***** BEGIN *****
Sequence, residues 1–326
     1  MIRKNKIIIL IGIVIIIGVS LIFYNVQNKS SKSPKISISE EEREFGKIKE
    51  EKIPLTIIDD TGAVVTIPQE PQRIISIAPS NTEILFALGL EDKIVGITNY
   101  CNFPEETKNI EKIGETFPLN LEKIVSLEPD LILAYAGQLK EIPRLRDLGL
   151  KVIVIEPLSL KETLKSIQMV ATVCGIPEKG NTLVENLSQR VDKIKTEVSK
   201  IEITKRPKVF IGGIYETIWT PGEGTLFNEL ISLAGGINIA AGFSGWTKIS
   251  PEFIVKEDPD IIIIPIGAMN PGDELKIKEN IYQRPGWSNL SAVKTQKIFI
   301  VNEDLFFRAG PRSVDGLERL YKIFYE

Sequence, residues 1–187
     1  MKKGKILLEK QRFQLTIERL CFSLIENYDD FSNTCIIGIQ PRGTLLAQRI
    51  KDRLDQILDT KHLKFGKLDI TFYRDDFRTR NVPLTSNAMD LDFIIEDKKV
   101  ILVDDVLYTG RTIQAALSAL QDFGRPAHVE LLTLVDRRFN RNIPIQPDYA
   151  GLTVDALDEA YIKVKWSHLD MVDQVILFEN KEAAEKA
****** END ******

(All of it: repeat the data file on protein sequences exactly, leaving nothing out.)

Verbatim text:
Sequence, residues 1–326
     1  MIRKNKIIIL IGIVIIIGVS LIFYNVQNKS SKSPKISISE EEREFGKIKE
    51  EKIPLTIIDD TGAVVTIPQE PQRIISIAPS NTEILFALGL EDKIVGITNY
   101  CNFPEETKNI EKIGETFPLN LEKIVSLEPD LILAYAGQLK EIPRLRDLGL
   151  KVIVIEPLSL KETLKSIQMV ATVCGIPEKG NTLVENLSQR VDKIKTEVSK
   201  IEITKRPKVF IGGIYETIWT PGEGTLFNEL ISLAGGINIA AGFSGWTKIS
   251  PEFIVKEDPD IIIIPIGAMN PGDELKIKEN IYQRPGWSNL SAVKTQKIFI
   301  VNEDLFFRAG PRSVDGLERL YKIFYE

Sequence, residues 1–187
     1  MKKGKILLEK QRFQLTIERL CFSLIENYDD FSNTCIIGIQ PRGTLLAQRI
    51  KDRLDQILDT KHLKFGKLDI TFYRDDFRTR NVPLTSNAMD LDFIIEDKKV
   101  ILVDDVLYTG RTIQAALSAL QDFGRPAHVE LLTLVDRRFN RNIPIQPDYA
   151  GLTVDALDEA YIKVKWSHLD MVDQVILFEN KEAAEKA